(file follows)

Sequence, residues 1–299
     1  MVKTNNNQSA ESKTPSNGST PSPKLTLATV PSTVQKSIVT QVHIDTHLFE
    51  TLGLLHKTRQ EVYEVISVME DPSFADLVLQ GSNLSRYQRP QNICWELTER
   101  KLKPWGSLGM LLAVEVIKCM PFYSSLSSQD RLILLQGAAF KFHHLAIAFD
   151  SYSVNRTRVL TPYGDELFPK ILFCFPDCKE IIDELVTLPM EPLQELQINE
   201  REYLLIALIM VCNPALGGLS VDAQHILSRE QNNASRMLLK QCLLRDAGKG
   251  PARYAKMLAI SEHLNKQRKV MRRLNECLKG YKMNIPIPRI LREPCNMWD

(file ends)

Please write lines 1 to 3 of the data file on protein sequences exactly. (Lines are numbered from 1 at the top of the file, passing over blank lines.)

Sequence, residues 1–299
     1  MVKTNNNQSA ESKTPSNGST PSPKLTLATV PSTVQKSIVT QVHIDTHLFE
    51  TLGLLHKTRQ EVYEVISVME DPSFADLVLQ GSNLSRYQRP QNICWELTER